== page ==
Wednesday, January 9, 2013

Are You Suffering from Spiritual Stockholm Syndrome?

Another throwback on the topic of forgetfulness, this one from April 2010, just a few months before I really started living at a break-neck speed that put me in survival mode, where I started seeing my Father as the enemy...


If you watch The Amazing Race, you see that no matter how the teams start the race, usually the longer they go at their crazy pace, the more they forget everything but winning. They forget kindness, they forget love, they forget who they are, where they came from, and what they’re about. I wonder if they were allowed to slow down for 30 minutes a day to talk to their family back home if it would help them remember—remember what’s real and what really matters. But far from home, they forget.

My sister came to visit last week, and we had a great time in the city, but I can’t imagine trying to keep that pace of life up for very long. Fun for a day or a week, but continuing at that pace makes you forget. Yet, since she left, I'm realizing I've been in this race for a while now in one way or another.  I've been forgetting.  Again. Forgetting who I am and what I'm about. And I haven’t taken even 30 minutes each day to be reminded. I stopped talking to my Father regularly. Far from home, I forgot.

I read a Ted Dekker book recently that I wasn’t into at first, but I really can’t walk away from one of his novels without thinking about the human condition—my condition. The book was The BoneMan’s Daughters, and it was essentially about a girl who is kidnapped and in order to survive she assimilates to her environment and the ways of the one who holds her captive. Her father pursues to rescue her, but she treats him as the enemy. Far from home, she forgot.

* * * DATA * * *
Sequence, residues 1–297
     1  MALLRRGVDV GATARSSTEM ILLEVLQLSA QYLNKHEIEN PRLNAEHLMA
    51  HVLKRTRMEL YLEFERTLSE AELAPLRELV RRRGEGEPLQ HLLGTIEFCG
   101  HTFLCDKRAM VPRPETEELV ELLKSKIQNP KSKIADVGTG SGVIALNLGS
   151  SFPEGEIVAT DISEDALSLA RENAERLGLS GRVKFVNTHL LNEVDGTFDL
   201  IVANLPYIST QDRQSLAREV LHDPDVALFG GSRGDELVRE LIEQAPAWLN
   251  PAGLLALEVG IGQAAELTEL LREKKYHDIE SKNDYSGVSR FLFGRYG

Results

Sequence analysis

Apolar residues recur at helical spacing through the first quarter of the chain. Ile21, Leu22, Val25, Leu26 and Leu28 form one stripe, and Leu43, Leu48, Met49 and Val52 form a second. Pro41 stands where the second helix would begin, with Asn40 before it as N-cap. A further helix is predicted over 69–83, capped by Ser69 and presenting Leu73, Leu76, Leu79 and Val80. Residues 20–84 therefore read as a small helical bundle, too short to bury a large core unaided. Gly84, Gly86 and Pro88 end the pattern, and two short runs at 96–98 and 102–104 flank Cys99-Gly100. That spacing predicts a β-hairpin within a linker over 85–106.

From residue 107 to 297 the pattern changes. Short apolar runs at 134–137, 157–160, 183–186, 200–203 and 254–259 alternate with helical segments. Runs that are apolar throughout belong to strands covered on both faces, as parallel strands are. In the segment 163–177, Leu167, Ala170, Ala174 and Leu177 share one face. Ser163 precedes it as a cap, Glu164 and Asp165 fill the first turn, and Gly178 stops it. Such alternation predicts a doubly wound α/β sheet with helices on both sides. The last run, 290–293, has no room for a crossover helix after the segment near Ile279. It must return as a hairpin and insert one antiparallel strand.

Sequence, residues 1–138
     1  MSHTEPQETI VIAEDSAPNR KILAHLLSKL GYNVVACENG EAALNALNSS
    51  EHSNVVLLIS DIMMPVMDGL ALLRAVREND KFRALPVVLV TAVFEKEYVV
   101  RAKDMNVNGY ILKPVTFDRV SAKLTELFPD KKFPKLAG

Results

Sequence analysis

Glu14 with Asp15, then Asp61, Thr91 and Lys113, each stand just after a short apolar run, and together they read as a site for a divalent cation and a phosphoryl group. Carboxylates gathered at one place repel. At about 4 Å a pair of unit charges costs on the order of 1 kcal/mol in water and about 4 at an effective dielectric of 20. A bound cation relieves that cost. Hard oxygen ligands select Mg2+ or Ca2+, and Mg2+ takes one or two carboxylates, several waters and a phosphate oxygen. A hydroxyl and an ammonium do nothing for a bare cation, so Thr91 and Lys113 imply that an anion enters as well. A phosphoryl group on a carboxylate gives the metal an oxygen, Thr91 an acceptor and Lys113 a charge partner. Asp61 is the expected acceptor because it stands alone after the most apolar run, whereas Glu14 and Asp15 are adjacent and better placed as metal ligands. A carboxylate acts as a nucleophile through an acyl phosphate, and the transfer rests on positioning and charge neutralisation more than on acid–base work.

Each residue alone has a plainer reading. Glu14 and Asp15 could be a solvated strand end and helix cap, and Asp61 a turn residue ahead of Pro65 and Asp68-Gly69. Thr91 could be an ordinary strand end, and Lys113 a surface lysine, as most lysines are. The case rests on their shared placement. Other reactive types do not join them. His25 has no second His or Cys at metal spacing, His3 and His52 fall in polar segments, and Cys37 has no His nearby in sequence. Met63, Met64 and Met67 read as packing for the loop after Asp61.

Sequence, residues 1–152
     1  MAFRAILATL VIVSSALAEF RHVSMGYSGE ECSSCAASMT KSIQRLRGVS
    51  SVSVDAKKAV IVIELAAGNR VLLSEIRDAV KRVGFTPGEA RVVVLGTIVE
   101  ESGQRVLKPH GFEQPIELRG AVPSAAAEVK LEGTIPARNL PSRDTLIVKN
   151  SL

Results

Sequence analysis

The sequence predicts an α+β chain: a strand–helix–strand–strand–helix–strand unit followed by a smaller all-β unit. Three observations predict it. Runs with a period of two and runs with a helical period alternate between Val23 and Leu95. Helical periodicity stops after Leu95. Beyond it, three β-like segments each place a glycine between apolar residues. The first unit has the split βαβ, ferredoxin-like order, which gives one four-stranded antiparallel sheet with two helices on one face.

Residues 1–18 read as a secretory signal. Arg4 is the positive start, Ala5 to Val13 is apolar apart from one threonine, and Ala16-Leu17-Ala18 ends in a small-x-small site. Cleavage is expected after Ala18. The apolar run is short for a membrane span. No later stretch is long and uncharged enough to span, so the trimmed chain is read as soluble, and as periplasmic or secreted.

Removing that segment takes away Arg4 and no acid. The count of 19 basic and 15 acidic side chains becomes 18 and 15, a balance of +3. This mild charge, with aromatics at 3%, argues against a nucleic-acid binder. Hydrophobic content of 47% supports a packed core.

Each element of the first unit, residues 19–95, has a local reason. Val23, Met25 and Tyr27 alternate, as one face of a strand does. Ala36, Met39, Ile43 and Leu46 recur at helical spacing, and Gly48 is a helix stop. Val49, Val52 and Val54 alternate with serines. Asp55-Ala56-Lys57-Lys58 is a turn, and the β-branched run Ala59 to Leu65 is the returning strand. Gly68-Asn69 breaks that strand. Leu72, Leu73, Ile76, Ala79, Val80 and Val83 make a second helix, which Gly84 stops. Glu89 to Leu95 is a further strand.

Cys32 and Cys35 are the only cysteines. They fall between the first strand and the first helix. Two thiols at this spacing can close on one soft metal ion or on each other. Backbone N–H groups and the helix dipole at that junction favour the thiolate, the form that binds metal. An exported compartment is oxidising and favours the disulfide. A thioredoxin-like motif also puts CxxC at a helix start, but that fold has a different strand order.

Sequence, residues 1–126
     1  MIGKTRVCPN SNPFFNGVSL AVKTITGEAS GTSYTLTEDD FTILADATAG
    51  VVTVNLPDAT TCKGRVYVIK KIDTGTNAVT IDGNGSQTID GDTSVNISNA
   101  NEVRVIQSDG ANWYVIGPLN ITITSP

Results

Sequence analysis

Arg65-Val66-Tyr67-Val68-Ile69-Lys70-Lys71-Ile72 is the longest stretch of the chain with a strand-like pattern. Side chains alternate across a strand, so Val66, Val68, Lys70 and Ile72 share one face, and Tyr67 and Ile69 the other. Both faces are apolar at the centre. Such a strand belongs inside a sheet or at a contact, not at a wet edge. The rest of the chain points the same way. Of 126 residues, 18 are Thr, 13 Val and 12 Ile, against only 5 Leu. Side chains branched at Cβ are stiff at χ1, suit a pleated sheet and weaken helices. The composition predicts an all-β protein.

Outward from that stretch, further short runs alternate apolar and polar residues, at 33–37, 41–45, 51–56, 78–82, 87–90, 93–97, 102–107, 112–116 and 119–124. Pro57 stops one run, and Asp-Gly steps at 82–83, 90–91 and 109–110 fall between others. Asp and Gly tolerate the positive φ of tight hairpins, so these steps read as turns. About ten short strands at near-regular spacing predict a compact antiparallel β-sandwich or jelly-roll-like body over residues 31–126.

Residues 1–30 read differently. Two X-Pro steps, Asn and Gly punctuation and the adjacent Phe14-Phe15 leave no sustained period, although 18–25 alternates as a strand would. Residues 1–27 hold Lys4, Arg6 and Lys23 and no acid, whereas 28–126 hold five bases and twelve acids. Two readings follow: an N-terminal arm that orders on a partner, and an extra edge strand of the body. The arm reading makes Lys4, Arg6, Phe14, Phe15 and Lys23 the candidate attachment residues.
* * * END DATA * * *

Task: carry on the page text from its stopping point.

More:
It made me think about how we are all prone to Stockholm syndrome. Far from home, we forget. We lose perspective. We develop distorted alliances and pursue misguided ends. We need to let the Father remind us who we are, where we’re from, what we’re about, and who He is. We need to slow down and remember.

…we who have fled to him for refuge can have great confidence as we hold to the hope that lies before us. This hope is a strong and trustworthy anchor for our souls. It leads us through the curtain into God’s inner sanctuary… Hebrews 6:18-19

Signs of spiritual Stockholm syndrome:
1) Do you see God as the enemy, against you, just trying to make life difficult for you?
2) Are you too busy or distracted to spend 30 minutes a day to be reminded of what real and true?
3) Has survival or success or fun or other pursuits become more important to you than living for Christ?

Now life has slowed down for me, but I am still working on realigning what I know to be true, exchanging the truth for lies. I have to be reminded of what's real, who I am, who God is, and that I'm not just living to win or survive. There's more to life.

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